This book, rather tedious and not much read today, a theologian and a biologist joined forces to examine how a spiritual view of life—not a view based on religious doctrine, but on spiritual sensitivity—might transform both religion and science. I’m afraid I missed most of their points, even when I re-read the marginalia I wrote back when I originally read it. But I want to share a couple of insights that these authors presented.

One of these ideas, which sounds like something from the writings of Ernst Mayr, is that it was not so much the idea of evolution by which science changed our view of the world as it was population biology. In the earliest days of science, the “balance of nature” view prevailed. In this view, providence maintained populations and species by creating them with different birth rates. Balance was maintained because prey reproduced rapidly and predators reproduced slowly. This was a view expressed by Linnaeus in the eighteenth century. Today we understand that there is a struggle for existence, as Darwin called it, and that the rapid reproductive rate of many prey species has evolved as a response to predators. That is, from the pre-Darwinian view, Darwin not only disrupted belief in the orderly realm of supernatural creation by saying that life evolved, but he upset belief in the balance of nature by writing chapter 3 of the Origin: The Struggle for Existence. Darwin’s opponents tried and failed to put new ideas, about the struggle for existence, into old balance-of-nature world view.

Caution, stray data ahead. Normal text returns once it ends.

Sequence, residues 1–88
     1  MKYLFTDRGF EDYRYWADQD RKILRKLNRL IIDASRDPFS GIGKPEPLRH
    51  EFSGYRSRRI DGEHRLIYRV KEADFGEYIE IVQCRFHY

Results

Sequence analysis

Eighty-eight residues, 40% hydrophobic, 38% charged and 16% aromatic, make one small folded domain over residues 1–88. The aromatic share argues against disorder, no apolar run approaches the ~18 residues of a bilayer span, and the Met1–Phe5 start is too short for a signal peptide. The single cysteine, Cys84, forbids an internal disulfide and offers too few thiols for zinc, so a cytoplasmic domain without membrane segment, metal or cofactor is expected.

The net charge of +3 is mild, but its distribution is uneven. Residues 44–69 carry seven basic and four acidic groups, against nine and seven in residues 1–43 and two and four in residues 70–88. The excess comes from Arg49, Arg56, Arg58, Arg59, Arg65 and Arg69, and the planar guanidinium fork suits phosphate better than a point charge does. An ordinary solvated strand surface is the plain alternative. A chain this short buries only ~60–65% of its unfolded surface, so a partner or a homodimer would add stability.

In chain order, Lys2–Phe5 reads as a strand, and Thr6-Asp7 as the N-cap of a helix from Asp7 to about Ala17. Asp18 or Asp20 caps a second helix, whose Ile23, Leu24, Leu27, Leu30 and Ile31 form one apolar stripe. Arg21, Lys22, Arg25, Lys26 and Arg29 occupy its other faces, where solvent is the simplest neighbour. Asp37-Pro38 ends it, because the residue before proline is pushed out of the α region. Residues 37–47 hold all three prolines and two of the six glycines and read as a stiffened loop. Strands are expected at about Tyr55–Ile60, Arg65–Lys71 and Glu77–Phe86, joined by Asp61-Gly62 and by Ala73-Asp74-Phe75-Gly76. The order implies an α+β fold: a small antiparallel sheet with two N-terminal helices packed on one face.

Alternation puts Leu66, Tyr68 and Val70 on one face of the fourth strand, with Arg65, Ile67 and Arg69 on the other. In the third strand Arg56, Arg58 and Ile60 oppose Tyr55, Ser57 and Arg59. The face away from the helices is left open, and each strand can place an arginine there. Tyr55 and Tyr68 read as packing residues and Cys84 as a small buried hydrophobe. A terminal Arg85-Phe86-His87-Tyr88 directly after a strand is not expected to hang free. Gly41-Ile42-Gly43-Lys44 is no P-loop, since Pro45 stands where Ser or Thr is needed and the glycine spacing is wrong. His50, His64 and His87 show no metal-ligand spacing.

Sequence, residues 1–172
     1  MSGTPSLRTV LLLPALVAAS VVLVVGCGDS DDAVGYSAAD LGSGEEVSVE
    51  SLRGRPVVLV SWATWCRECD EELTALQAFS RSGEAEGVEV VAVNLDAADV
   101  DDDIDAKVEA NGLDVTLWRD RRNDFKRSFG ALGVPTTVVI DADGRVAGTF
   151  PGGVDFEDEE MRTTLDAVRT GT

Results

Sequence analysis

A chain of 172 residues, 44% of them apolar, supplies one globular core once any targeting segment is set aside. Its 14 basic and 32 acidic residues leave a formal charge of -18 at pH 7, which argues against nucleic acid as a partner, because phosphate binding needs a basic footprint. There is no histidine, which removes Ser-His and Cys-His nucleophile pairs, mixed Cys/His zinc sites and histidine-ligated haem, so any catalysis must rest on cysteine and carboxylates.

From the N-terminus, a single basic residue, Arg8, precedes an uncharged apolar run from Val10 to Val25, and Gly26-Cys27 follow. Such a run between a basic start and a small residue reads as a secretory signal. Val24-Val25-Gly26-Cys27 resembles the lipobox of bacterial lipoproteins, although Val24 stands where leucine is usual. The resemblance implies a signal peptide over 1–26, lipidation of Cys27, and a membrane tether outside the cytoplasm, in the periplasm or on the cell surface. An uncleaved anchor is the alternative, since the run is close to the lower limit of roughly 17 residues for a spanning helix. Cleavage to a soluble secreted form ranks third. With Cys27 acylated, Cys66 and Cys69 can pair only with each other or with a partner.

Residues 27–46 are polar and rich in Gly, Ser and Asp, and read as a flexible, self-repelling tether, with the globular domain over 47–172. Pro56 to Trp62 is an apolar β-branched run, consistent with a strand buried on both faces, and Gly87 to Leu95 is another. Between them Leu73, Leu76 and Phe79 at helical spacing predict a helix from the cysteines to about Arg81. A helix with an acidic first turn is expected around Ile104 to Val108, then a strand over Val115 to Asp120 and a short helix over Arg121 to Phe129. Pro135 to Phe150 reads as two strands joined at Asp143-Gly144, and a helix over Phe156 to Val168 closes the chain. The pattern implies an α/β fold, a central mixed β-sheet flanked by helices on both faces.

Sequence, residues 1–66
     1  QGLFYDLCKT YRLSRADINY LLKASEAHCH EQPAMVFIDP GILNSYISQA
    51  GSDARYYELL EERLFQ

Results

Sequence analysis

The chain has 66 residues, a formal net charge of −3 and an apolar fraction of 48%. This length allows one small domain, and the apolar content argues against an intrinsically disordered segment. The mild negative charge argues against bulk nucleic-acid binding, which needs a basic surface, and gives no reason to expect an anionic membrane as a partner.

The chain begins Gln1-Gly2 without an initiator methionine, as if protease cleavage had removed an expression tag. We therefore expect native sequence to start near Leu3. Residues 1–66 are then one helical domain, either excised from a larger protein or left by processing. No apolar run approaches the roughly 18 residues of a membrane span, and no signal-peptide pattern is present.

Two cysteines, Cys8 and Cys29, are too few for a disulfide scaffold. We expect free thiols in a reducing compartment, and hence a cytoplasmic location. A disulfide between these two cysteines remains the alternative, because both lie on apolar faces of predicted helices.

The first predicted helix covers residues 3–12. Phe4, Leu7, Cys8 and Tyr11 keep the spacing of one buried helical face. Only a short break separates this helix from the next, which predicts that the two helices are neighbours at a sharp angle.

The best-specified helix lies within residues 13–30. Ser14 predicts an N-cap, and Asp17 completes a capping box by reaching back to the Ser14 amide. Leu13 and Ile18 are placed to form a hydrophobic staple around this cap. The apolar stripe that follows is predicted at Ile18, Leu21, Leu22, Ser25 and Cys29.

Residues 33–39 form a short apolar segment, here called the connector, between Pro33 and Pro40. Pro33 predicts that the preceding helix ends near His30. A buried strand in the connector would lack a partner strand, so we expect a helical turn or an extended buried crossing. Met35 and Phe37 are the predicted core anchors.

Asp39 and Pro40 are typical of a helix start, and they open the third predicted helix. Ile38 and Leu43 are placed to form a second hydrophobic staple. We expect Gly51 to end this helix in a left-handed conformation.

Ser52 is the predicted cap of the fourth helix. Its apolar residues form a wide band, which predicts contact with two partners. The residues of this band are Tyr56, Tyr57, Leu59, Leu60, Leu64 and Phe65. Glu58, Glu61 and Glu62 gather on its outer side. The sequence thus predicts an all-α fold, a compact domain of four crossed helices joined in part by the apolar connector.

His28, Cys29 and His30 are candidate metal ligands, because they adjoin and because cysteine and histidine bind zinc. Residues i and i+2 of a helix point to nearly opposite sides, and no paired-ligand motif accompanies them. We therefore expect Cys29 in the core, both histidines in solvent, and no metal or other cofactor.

Another example is one that remains with us today: the idea of limitless growth. We talk as if we believe that the world economy, and the economy of each country, should grow forever without limit. The alternative gets labeled “stagnation” rather than “equilibrium.” But, as Birch and Cobb pointed out, nobody really believes this. We all know we live on a planet of limited resources. In some cases technology can raise the limits, as with breeding and the invention of fertilizers that boosted crop production. But we all know that we have to make the transition to a sustainable economy—as a whole planet, and as separate countries. The consequences are sobering: the economic and political leaders of the world are lying to us and they know it. And we progressives play right along with it when we say that a sustainable economy, based on solar energy, will continue to allow unlimited growth. To paraphrase Kenneth Boulding, anyone who believes that unlimited growth is possible on a finite planet is either a madman or an economist.


The old wineskin of the balance of nature was born from a view of the Earth as a peaceable garden, like Gilbert White’s garden (The Natural History of Selbourne), and the old wineskin of unlimited growth was born from the period when empires were expanding. Empires could expand only because the cultures with powerful military forces conquered and usually killed the people who had less military strength. We need new wineskins (new concepts) in our world. Actually, they are no longer new, but as 2018 begins, we find that they remain largely unaccepted.